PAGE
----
I’ve been writing this review for a few weeks now, and I want to let you in on why it took me so long.
The first iteration of the review was held up because all I could focus on was what I didn’t like about the product. There’s not a lot, as you’ll see below, but it was so distracting I couldn’t “see the Isle for the shore”.
I then realized my trepidation came from the lack of negative reviews I’d seen for RPG products. So for my second iteration of the review, I did what any logical internet dweller would do – I wrote a rant. I called the RPG reviewer community some names. I used the words “equines” and “manure”. I used the words “gushing” and “shill”. I was not polite. Just opening the document on my computer and a wagging finger would appear.
And then I bumped into some more reviews. And they were not universally polite. How I’d missed them the first time I don’t know. So I’m retracting the rant you never saw. If you really like to be insulted let me know and I’ll put it up.
Thank you. That was cathartic.
This is a Review: Isle of the Unknown
“This book describes an island nearly 35,000 square miles in size. Using traditional fantasy role-playing rules, the Referee can conduct adventures upon the Isle of the Unknown. It can be placed anywhere in the Referee’s campaign world, or it can serve as the basis of a new campaign, or as the setting for one-shot adventures.
One point of interest is described for each of the map’s 330 land hexes. None of the monsters, magic spells, magic items, etc in this book has been taken from any previously published role-playing game product. This will help ensure freshness and a sense of wonder and newness as your players explore a realm that is truly unknown.”
excerpt from Introduction for the Referee, page 4
and it comes with an excellent Preview! (PDF)
What I like
• It provides exactly what it advertises. Each hex has something in it – something interesting. Monsters are obviously unique. Statues are fascinating and mysterious. Magic users have made a mark upon their surroundings.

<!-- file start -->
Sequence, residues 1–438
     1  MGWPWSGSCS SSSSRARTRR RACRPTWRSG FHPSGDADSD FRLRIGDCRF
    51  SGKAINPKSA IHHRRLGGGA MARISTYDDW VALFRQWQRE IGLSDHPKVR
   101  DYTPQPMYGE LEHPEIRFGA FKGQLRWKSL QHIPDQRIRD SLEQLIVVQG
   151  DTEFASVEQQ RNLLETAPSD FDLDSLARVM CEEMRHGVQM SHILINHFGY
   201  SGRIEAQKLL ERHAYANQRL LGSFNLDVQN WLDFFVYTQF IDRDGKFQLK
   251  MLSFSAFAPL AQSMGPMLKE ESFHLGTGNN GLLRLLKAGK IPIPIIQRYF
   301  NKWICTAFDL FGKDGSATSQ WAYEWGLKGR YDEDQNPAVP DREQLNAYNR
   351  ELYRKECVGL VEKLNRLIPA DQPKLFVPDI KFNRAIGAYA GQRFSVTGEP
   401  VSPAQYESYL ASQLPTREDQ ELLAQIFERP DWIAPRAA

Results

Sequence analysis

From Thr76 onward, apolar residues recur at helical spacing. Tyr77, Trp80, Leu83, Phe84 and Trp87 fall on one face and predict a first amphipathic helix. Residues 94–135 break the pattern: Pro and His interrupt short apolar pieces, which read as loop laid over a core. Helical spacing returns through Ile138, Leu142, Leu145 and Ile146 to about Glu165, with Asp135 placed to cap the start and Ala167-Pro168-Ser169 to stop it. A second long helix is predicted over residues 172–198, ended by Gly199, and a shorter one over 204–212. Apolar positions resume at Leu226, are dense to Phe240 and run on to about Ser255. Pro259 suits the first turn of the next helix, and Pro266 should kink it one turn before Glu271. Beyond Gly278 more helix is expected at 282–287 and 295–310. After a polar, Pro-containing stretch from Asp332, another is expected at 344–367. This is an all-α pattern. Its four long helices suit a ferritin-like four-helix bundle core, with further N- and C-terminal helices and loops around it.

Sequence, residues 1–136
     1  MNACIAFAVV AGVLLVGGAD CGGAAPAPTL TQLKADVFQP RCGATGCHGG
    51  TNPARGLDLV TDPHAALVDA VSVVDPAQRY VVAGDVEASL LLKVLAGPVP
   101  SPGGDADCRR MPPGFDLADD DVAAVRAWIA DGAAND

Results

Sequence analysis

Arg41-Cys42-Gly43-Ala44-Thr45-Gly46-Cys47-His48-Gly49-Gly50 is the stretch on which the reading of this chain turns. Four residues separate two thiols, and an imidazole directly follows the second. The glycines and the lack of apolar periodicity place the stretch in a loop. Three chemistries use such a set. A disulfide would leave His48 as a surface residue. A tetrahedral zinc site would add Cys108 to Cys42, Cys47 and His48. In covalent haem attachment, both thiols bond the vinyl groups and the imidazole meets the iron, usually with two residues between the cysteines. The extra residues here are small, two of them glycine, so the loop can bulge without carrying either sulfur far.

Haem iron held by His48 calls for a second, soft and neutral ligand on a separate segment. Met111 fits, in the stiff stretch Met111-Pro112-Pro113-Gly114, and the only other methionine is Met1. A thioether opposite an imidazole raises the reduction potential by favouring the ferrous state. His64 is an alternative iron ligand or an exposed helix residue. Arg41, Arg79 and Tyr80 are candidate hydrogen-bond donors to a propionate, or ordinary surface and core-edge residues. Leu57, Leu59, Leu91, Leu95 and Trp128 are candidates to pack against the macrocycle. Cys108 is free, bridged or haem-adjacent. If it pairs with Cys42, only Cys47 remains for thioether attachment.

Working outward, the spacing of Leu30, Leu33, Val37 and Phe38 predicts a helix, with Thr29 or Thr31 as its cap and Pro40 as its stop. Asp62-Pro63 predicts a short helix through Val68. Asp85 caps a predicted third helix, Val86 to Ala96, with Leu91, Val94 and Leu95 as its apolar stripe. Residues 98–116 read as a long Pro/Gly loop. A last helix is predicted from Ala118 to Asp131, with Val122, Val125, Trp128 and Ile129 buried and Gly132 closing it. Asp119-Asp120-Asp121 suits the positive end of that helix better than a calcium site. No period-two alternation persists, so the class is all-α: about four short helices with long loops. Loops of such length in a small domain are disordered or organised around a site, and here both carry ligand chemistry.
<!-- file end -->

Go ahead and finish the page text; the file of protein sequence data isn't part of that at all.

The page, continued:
• The art is fantastic. The monsters are colourful and vibrant, and the humans are interesting and engaging. Many are stunning.
• The indexes at the end are useful – monsters by hitdice, magic users, clerics, statues and towns by location. I especially like the use of thumbnail pictures for the monster index.
• I said it before, but the monsters truly are unique. Many are weird (unusual). Nothing so weird as a sofa-fish, but there are some that push the limits – like the pyramid bird on page 63. I also like how, generally, it is not obvious how “dangerous” each monster is. Those that look benign are often the most lethal, and vice versa. How many HD do you think mister Koala has above hmm? I’m not gonna tell you – buy the book.
• It has lots of content – you’d be hard pressed to use it up.
What I don’t like
• The map is, well, boring. Nowhere on the island looks interesting or stands out. Another review suggested it was a printing problem. The colours (of the map) in the book do seem muted compared to the pdf. But let me put it this way: This is an exceptional map.
• The cartography is missing basic elements. There are 16 towns and cities on the map, the largest at 19,100 people. But there are no roads. Maybe they don’t need to be on the players map, but the GMs map should have them.
• The geography is wrong. The rivers go from coast to coast. And there’s a river that forms a loop in the mountains. And this wasn’t just a one-time mistake, every one of the rivers connects to multiple coasts.
• There’s no background story. This is most likely deliberate, seeming as it is meant to be dropped into an existing campaign, but it makes the book seem unfinished. Why are there so many statues sprinkled all over the island? Is there a reason for all the wizards? I’d rather a simple 2 paragraph backstory was included, and I could chose to ignore it, use it, or adapt it to my needs.
The bottom line
If you’ve run out of creative juices and need something to drop into your campaign, this is your book. Bonus points if you’re already running an OSR game, but I don’t think it’d be hard to adapt to other versions. There’s still a little work to be done, like drawing in roads, coming up with treasure and perhaps an overarching backstory, and an explanation for the statues, but those are things don’t have to be handled immediately. A great supplement for those looking for inspiration or a little campaign help.